Dividends And Tax: It Can Get Complicated In Taxable Accounts!

by: Bruce Miller


Income Investing relies on Dividend Diversification to manage income risk.

This means a multitude of dividends.

Tax Accounting for such dividends in a taxable account can get complicated.

Just finished my 2015 tax return, which left our house at the speed of light yesterday. So while still fresh on my mind, thought it might be a good time to talk, at least from the standpoint of taxation, about all of those dividends that have provided yet another year of comfortable retirement living :-)

DW and I hold 66 income securities: individual stocks of C-Corporations, LLCs, MLPs, REITs, Individual bonds, 4 income ETFs, 2 Closed-End Funds, 2 Business Development Companies and a Royalty Trust. These provided just under 300 separate distributions to our taxable brokerage account for 2015. But here's the interesting part: I count 10 different tax forms of distributions.

Note that these are tax character of distributions, not of the sale of assets as would be noted on the 1099-B. Instead, these are distributions as shown on the 1099-DIV, 1099-INT, the Schedule K-1 (partnerships) and could also include the 1099-OID (ugh!). Here is a discussion of each based on the tax treatment of them.

Ordinary Income Distributions:

  • Taxable interest shown in Box 1 of the 1099-INT. The source of interest will usually be from individual bonds, bond funds, CDs, Exchange Traded Debt and occasionally preferred stock. US Savings Bond Interest in Box 3 of the 1099-INT is taxable for Federal income tax but generally is not taxable for state income tax.
  • Non-Qualified Dividends are not shown separately, but are determined by subtracting qualified dividends in box 1b from Total Ordinary Dividends in box 1a. These are dividends paid from stocks/funds that are taxable but cannot qualify for favorable tax treatment, such as most REIT and Business Development Company (BDC) dividends.
  • Short Term Capital Gains distributions, usually from funds (SDY actually distributed STCG for 2015!), are not netted against other capital losses from Schedule D, but are treated as straight ordinary income.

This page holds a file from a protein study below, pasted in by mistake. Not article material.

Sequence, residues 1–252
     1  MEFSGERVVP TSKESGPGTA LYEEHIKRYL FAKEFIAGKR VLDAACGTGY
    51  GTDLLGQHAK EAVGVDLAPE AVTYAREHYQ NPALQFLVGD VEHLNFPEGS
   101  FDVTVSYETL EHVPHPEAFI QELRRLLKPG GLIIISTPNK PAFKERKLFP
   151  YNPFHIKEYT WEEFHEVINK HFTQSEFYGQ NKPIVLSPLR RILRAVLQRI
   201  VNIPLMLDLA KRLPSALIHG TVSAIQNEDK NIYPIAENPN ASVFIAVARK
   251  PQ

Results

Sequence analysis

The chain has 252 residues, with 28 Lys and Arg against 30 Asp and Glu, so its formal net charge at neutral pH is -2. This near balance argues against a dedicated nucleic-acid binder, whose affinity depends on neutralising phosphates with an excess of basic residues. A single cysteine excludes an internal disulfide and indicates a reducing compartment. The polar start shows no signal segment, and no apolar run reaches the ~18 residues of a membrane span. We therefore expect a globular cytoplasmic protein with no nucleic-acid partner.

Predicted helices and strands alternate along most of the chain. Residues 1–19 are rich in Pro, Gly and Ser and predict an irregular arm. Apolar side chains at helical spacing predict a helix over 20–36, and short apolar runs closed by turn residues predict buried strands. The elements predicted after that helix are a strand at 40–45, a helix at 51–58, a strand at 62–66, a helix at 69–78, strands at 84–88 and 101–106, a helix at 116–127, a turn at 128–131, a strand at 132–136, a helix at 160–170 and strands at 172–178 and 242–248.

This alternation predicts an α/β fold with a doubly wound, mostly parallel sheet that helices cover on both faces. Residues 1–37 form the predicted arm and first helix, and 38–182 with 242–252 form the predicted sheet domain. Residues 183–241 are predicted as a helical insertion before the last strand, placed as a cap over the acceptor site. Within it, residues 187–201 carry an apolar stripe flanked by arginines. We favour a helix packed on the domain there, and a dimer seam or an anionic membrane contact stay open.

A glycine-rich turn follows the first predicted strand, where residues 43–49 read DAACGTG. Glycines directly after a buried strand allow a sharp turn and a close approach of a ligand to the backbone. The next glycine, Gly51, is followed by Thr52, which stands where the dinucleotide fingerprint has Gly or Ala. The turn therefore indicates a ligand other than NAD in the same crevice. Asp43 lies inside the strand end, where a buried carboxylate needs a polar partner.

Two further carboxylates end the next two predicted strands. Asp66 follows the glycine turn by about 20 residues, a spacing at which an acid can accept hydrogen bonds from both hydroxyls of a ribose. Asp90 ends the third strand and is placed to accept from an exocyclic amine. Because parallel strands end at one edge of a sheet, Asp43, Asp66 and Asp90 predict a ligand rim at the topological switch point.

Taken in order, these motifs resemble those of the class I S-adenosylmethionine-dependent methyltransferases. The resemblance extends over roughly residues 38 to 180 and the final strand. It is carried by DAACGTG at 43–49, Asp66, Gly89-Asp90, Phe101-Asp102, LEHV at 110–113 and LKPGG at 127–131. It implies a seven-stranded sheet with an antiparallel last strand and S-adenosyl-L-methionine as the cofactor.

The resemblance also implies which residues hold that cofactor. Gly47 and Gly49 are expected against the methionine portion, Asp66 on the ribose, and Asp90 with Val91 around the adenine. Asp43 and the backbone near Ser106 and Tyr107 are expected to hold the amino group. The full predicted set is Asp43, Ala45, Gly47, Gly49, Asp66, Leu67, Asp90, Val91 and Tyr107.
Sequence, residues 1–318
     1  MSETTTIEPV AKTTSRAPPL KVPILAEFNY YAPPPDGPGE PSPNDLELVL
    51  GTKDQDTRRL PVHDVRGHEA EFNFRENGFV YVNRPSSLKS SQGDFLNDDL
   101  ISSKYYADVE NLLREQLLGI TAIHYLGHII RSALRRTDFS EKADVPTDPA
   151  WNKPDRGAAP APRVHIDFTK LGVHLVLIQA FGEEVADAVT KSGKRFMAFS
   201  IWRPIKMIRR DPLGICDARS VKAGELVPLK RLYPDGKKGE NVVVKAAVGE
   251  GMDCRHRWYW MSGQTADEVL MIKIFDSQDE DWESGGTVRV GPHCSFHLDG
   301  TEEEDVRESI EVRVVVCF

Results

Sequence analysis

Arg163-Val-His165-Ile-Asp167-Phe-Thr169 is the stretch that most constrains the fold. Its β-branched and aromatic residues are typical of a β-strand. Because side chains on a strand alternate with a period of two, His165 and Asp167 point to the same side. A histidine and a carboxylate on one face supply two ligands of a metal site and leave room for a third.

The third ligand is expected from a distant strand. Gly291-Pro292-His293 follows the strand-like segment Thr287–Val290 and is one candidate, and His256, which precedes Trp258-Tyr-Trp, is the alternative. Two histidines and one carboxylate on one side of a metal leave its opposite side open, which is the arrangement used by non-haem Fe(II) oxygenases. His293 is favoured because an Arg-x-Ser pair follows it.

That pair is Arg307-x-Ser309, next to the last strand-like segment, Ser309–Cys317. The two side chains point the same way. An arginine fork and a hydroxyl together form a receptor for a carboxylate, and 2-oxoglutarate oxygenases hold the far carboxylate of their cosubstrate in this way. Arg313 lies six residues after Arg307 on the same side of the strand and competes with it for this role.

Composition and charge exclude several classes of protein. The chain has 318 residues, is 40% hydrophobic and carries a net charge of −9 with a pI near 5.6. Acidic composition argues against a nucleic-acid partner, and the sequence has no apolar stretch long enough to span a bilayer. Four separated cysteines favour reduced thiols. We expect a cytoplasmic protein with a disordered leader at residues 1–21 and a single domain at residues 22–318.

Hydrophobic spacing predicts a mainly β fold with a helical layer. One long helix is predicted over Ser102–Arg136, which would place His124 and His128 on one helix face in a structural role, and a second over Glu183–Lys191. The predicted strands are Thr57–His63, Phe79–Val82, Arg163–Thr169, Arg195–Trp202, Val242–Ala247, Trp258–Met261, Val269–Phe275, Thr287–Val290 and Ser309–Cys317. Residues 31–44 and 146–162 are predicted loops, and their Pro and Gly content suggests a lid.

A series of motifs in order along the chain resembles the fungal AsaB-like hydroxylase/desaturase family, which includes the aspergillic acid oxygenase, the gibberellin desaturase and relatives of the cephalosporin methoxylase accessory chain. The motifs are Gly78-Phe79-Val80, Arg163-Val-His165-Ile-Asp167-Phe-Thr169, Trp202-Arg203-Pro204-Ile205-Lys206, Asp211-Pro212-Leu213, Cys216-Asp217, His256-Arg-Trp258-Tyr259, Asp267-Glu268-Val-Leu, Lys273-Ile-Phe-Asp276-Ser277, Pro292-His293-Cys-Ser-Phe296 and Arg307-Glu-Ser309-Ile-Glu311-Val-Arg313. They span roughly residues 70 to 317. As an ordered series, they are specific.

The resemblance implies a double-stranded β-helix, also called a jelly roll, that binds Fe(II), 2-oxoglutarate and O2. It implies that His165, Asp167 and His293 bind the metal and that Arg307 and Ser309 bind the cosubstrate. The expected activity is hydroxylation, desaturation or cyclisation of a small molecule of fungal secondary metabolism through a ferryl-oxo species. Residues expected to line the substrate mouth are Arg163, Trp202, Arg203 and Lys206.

• Net Royalty Trust income as shown in Box 2 of the 1099-MISC is treated as ordinary income, but only after subtracting any depletion allowance on Schedule E.
  • Original Issue Discount (OID) interest, shown in Box 1 of the 1099-OID. This is ordinary income that is usually associated with a zero-coupon bond, where the bond is purchased at a discount and then a % of the value of the mature bond is added to the value each year until maturity. This annual assignment is taxed as though received, even though it has not and will not be received until maturity or the discounted bond is sold. Where this could happen in an income portfolio is if it contains a mandatory convertible or maturing (to redemption) preferred stock or ETD that suspends its regular dividend/interest payments.

All ordinary income is combined and will include this dividend income as well as TIRA or other retirement plan withdrawals (that exclude any basis), taxable portion of Social Security, pensions and any earnings from an employer or net income from self-employment. Ordinary income is taxed at the tax table rates as shown from the following table:

Qualified Dividends Distributions:

  • This is shown in box 1b of the 1099-DIV. These dividends should be labeled as 'Qualifiable', as to be fully qualified for favorable tax treatment, they must have been taxed as earnings from the company paying them AND the shareholder receiving them must have held the dividend paying stock for at least 60 days during the 120-day period beginning 60 days before the ex-dividend date for common stock dividends, and for preferred stock, the holding period is at least 90 days during the 180-day period beginning 90 days before the stock's ex-dividend date. Qualified Dividends are taxed at the same rate of the net of long-term capital gains (LTCG) (below).

Long-Term Capital Gains Distributions:

  • These are distributions from REITs, BDCs, funds (open end, closed-end and ETFs) and K-1s of partnerships. Corporations and LLCs filing as corporations may not distribute realized capital gains but must include them in their income. The total of these distributions is shown in Box 2a of the 1099-DIV and box 9a-c of a Schedule K-1 for partnerships. However, there are multiple types of LTCG distributions that are each taxed at separate rates as shown in the following table: